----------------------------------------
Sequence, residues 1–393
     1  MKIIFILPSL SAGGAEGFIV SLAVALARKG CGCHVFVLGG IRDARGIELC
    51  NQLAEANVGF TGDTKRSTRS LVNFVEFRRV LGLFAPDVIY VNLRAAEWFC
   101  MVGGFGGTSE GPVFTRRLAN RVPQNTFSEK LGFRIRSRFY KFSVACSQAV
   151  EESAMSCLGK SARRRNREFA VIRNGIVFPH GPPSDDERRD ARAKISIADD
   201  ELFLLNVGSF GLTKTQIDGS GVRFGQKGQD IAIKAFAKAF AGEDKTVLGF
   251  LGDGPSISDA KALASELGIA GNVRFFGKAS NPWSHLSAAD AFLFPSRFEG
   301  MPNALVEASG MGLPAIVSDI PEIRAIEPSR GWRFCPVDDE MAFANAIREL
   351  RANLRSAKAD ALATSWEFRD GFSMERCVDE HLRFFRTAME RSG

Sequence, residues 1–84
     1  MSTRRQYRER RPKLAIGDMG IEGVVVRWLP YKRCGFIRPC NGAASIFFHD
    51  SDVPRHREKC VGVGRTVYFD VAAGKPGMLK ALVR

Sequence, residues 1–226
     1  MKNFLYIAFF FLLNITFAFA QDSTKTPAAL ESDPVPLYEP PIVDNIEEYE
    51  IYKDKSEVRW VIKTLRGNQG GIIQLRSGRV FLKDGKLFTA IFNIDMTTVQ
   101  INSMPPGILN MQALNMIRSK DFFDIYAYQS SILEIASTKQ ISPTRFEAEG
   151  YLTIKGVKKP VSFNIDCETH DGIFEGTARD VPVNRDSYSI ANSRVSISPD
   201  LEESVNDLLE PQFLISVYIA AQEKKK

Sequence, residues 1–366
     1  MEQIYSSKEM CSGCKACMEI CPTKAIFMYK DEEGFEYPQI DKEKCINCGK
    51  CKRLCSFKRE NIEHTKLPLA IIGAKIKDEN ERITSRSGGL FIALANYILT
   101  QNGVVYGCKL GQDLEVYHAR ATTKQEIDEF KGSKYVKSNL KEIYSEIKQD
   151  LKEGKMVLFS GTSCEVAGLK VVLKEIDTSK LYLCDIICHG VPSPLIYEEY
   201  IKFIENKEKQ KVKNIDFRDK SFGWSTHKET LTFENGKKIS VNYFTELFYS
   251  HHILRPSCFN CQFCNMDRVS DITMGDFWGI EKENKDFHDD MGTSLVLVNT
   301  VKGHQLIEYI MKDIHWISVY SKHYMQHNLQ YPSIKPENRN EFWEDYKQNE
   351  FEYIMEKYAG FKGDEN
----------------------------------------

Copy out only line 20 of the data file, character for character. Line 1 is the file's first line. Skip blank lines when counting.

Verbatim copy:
     1  MEQIYSSKEM CSGCKACMEI CPTKAIFMYK DEEGFEYPQI DKEKCINCGK